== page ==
Asked To Comment By Maine Public Advocate We Find NYNEX Plan Not In Public Interest pp. 9 - 14

This summer NYNEX presented the Maine PUC with a plan to attach all Maine public schools and libraries to the Internet during the next five years - spending $20 million to do so instead of returning the $20 million in overcharges to rate payers.

The NYNEX plan proposes a centralized, one-size-fits-all 56 kbs solution for the entire state. NYNEX would install and control all parts of a frame relay cloud and the Internet links there to. Schools and libraries would be hung as "dumb" leaves on the branches of the network. The result is a poor one for the citizens of Maine. But, unlike Indiana where state government has assisted Ameritech in implementing a solution with similar intent, citizen groups in Maine are petitioning the PUC to set up an independent oversight board to assist independent ISPs in working with NYNEX and local communities to establish a decentralized network owned and controlled by local communities. If Maine successfully pursues its current direction, we believe it should become a model for the rest of the nation.

Discussion Of Transient InternetMCI Routing Problem pp. 15-18

When an SSE synchronization bug caused, from the perspective of Westnet, a several hour partition between MCI and Sprint on October 4th, we posted notice of the difficulty to the North American Network Operators list and asked what had happened. We received a torrent of discussion that showed concern with the way the majors are interconnecting at the NAPs. However it also showed that the Internet ethic of problem solving cooperation among service providers is alive and well.

NTIA Funds MercerNet, pp. 19-20

In the spring of 1995 MercerNet started of as a continued attempt to get a full motion multipoint video network into Mercer County schools and libraries in order for Princeton and other wealthy bedroom communities in the county to be able to continue to offer advanced placement courses to their students in the face of cutbacks in state aid. The plans did not include Internet and seemed have little to do with education or community development except in the most elitist way.

At the beginning of the summer Comcast became involved with the program and decided to invest in it as a testbed for a product that it would seek to market to its other franchises. As a result the project was broadened and Comcast made a substantial investment in bringing Internet to all 21 participating locations. It obligates Comcast to build a dedicated fiber based video network and a coax based Internet at Ethernet speeds network to 12 schools and 9 branches of the county library. Comcast will pay all installation costs, the Feds will pick up the video classrooms, and Comcast will pay the monthly connect fees for the first year. The project now can do some good things at the county level, if the planners open their activities via the Internet to county residents. In the three weeks since the award of the grant there has been, unfortunately, no public communication from the awardees.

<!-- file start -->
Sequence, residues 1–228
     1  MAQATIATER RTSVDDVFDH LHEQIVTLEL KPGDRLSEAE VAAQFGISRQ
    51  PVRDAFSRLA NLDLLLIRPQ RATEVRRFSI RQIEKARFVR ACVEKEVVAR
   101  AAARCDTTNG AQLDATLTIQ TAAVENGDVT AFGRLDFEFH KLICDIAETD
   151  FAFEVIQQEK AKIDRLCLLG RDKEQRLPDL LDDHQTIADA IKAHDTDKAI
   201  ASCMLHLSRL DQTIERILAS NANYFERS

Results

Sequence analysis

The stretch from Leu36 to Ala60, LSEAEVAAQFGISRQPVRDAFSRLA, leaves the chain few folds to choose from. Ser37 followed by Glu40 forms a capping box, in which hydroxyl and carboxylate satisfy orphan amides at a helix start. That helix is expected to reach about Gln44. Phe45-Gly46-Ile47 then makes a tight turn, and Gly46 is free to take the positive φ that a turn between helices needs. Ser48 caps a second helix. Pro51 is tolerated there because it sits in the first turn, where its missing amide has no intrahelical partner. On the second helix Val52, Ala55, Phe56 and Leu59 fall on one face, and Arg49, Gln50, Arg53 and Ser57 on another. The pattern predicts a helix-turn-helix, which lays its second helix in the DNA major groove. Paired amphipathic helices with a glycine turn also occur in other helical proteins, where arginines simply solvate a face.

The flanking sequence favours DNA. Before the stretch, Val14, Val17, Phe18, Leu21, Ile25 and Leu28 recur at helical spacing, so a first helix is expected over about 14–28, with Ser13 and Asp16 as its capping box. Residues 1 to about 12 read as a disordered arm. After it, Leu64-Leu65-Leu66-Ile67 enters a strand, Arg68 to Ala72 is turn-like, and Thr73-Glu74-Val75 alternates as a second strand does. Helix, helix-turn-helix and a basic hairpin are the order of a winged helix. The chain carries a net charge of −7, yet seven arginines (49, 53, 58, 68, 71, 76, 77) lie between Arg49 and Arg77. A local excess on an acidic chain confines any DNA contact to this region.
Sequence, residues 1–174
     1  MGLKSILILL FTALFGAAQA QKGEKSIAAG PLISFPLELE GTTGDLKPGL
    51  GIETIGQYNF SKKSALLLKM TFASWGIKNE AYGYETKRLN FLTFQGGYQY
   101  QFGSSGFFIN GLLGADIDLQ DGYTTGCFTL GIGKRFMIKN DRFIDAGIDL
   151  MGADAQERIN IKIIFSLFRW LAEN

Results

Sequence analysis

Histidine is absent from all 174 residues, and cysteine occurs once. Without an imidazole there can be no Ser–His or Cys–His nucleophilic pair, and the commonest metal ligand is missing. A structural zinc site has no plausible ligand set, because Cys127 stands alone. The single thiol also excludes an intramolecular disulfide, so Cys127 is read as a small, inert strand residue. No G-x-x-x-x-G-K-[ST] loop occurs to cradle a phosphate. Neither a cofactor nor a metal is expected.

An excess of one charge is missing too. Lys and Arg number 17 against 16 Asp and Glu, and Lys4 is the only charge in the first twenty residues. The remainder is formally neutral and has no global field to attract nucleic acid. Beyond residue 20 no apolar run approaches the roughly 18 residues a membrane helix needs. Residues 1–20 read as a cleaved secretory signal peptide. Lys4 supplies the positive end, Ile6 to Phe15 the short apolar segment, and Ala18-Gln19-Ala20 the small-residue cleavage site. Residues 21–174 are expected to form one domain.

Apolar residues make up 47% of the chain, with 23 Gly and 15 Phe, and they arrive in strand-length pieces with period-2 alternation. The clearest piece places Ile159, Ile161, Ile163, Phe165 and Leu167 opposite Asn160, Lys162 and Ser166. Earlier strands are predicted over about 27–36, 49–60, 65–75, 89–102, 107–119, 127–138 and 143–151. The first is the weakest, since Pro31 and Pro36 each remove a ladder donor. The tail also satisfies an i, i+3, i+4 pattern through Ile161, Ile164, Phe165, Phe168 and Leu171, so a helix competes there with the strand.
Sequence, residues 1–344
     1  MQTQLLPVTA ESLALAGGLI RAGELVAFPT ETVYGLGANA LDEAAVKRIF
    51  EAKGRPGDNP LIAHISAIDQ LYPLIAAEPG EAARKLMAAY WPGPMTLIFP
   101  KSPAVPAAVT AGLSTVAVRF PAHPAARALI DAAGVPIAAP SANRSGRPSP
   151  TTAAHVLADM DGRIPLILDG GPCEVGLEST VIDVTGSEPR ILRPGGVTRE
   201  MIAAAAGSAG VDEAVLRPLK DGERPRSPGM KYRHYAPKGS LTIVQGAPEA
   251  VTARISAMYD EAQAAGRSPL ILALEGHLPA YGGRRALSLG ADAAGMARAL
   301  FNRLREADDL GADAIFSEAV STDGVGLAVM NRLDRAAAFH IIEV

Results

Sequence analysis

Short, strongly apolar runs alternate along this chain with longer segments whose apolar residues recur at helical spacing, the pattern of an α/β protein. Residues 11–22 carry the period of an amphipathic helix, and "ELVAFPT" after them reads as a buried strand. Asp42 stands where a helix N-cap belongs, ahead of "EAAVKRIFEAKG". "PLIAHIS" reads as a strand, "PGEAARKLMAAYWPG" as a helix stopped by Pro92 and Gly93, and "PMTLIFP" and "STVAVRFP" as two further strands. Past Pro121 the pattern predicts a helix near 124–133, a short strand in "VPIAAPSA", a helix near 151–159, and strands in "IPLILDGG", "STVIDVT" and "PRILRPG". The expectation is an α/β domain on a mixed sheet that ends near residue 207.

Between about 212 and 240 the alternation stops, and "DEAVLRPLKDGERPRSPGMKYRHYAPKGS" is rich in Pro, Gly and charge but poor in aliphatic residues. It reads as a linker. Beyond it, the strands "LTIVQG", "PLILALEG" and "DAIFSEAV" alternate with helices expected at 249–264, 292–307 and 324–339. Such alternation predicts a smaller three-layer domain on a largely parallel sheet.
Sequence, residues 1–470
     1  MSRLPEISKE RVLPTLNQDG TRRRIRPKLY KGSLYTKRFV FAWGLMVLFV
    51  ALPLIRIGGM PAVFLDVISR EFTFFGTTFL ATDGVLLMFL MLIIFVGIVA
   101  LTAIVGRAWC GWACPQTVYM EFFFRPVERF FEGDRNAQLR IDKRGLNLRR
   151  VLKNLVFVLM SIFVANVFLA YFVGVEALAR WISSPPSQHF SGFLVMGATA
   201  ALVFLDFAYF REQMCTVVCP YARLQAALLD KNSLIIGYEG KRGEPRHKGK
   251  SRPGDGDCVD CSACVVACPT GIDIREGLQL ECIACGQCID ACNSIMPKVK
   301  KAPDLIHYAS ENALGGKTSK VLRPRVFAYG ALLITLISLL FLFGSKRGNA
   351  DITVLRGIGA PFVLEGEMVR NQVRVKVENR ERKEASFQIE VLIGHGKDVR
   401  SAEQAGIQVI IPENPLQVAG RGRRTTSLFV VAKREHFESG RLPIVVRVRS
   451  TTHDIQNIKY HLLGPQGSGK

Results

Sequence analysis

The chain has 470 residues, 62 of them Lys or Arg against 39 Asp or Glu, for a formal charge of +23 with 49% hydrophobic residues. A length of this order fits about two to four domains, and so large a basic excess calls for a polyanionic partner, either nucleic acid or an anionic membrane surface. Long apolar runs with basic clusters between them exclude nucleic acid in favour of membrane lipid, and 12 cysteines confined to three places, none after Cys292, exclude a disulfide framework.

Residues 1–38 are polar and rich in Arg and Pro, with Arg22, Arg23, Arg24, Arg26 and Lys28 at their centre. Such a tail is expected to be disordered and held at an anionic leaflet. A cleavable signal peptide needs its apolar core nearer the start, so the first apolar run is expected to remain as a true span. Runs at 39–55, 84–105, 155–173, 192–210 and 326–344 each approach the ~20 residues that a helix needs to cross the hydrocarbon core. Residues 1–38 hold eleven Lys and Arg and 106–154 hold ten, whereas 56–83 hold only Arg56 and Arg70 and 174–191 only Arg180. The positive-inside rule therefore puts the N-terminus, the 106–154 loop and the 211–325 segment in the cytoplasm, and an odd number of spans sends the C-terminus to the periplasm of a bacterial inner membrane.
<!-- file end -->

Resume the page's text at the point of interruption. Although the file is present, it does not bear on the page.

Internet Society - Tony Rutkowski, Mike Roberts And Rick Adams Discuss The Role Of The Charter Members, pp. 20-21

The Charter Members seem to have been an after thought as Harms, Kahn and King acted as individuals to incorporate the society. Privileges granted CNRI, Educom and RARE in June 1992 are source of discord.

MCI's Internet Business Model As Depicted In Internet Week Interview Differs From Vint Cerf's Position In Sept. Cook Report, pp. 21 - 22

According to a summary posted from Japan's Glocom Institute on Dave Farber's IP list on Oct 14 and 16th, Stephen VonRump, MCI's VP of Data Marketing, in an interview with Internet Week, expressed the view that MCI was working to introduce settlements similar to those among telcos with those with whom it peered. And that MCI was "convinced that such agreements and settlements systems are necessary for the continued growth of the Internet" because "for the Internet to sustain its growth, commerce and business really need to trust the Internet to carry traffic." According to Stephen Anderson of Glocom the article further stated: "MCI is likely to go to the FCC for regulation to seek improved Internet quality and standards. MCI will use standards issues to wage competitive war against smaller ISP companies that may not be able to invest in the large capital commitments needed to meet high standards." VonRump has been in touch with us and we are asking him to explain, the differences in these positions from the more reasoned ones taken by Vint Cerf in his late August interview with us. Expect a follow up next month.